66 Channel LS20031 GPS 5Hz Receiver Quick Start Guide

LS20031 10Hz GPS Receiver

The LS20031 is a high performance, reliable, and inexpensive GPS module. It is the premier choice for most of our engineers, since it has a 5Hz update rate, a backup power source for quick locks (time to first fix), and a small form factor. The only downside is that it doesn't come with a connector. There is some minor assembly required, but it is very easy with the help of the LS20031 Assembly Guide.

Here are some good pieces of information to know about the LS20031, more details can be found in the datasheet:

  • There is a status LED that blinks when there is a fix. A fix means there are enough satellites in view to accurately calculate your position.
  • Configurable 10Hz update rate means you can get valid position, time, etc. data 10 times a second. Default setting is 1Hz.
  • The ceramic patch antenna is the large tan and white object soldered onto the green PCB. This must always point towards the sky.
  • The TX and RX pins are 3.3V TTL tolerant. This means you can directly connect this module to another 3.3V TTL device without the need of logic level conversion.
  • Commands can be sent to the module to configure settings. There is a handy program called Mini GPS that will help you configure your module. More information about configuration can be found here.

We also have a few other tutorials about GPS you might want to check out: GPS Buying Guide and GPS Tracking Comparisons.


You might notice there is not a connector on the GPS, only bare pads. The first thing that needs to be done is to solder headers onto the bare pads, so you can connect the GPS to the system of your choice.

Here is the LS20031 GPS Assembly Guide.

Keep in mind, you will need the following tools and supplies:


Getting Started - Basic

Here is a quick and easy test is to check to see if the GPS is sending out valid NMEA data. Remember, the GPS antenna needs to be in clear view of the sky in order to receive valid NMEA data. It might work inside or next to a window, but I wouldn't rely on it!

Here is what you will need:

  • Assembled LS20031
  • FTDI Basic Breakout - 3.3V (RTL-09893)
  • M/F Jumper Wires (PRT-09140)



                                           LS20031 GPS                                                                 FTDI Basic - 3.3V


Now you need to connect the FTDI Basic to the LS20031 GPS. Here is a list of the required connections:

  • GPS Pin 5: No connection (or ground)
  • GPS Pin 4: to FTDI Basic ground (GND) pin
  • GPS Pin 3: to FTDI Basic pin RX
  • GPS Pin 2: No connection
  • GPS Pin 1: to FTDI Basic 3.3V pin

After you have the GPS and FTDI basic connected, plug the FTDI into a USB cable connected to your computer. Depending on your OS, you will need to install drivers for the FTDI Basic.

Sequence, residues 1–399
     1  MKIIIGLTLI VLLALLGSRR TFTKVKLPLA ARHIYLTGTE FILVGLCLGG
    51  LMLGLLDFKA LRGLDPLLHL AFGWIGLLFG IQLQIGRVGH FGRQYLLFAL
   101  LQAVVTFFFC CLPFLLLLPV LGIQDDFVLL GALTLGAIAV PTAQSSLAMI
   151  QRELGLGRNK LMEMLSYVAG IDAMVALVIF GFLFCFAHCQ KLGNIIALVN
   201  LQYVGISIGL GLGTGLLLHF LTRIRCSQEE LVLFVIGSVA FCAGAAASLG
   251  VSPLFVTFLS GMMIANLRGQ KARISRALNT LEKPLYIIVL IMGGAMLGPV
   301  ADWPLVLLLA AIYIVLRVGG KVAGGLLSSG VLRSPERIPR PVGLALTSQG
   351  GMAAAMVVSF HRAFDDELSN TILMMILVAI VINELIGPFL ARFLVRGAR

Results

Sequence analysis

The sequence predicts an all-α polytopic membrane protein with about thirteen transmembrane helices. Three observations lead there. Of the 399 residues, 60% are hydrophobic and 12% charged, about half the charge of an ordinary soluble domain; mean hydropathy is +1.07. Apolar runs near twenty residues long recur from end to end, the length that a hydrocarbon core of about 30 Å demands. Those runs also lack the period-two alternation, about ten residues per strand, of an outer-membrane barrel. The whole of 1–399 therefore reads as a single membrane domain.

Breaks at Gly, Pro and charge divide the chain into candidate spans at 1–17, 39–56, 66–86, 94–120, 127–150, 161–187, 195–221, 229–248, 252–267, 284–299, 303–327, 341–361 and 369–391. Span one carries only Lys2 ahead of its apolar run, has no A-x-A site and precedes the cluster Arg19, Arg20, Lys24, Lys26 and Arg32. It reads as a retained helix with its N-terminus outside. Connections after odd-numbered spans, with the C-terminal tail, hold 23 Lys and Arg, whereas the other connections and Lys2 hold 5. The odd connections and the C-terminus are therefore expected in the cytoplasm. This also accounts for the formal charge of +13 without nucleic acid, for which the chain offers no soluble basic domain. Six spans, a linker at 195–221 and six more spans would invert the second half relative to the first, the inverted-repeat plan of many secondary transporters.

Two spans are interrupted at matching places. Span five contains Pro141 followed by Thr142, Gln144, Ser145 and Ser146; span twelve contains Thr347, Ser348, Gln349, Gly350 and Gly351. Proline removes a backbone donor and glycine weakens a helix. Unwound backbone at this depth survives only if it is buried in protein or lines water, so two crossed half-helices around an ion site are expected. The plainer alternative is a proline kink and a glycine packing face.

See the FTDI Basic Quick Start Guide for instructions on installing FTDI Drivers.

If the FTDI driver install was successful, the FTDI Basic should enumerate as a COM port. To check this in Windows: right click on 'My Computer', goto 'Properties' -> Hardware' -> 'Device Manager'. In the Device Manager under 'Ports (COM & LTP)', you should see 'USB Serial Port (COMxx)'.

Next, you need to open a serial terminal program. Most Windows machines have a program called hyperterminal already installed. You can use hyperterminal or any other alternative, FYI, there are many, i.e. TeraTerm, Minicom, etc. To find hyperterminal, goto the Start menu, 'Programs' -> 'Accesories' -> 'Communication' -> 'HyperTerminal'. Open the program and hit the 'properties' button.

  Make sure you select the same COM number as shown in device manager.

Also, click on the 'Configure' button and make sure 9600 baud rate is selected.

And finally, click the 'Call' button. (Note: if hyperterminal asks you to name your session, just name it whatever you like and move on). 

Once you hit the 'Call' button or open the terminal, you should see the TX LED on the FTDI Basic blink and you should see NMEA data streaming in the terminal window. If you are inside a building or if you GPS cannot get a lock, you will see something like this:


Once you have gotten this far, the next step is to learn how to connect your LS20031 GPS to an Arduino!

Comments 1 comment

  • I just looked at your NMEA data stream- and if you look at your $GPRMC line(sentences) you might notice that after the time 003544.226 (hhmmss.sss) your second part(status code) is V which means the data is Void (invalid). If it was an A that means it’s Active (The GPS could get a lock/fix). TinyGPS will have a fit if you don’t have an A for this sentences. Also, If TinyGPS does not parse your $GPRMC sentence correctly then you will never get the time or date (also in your $GPRMC sentences)- just thought I should point that out.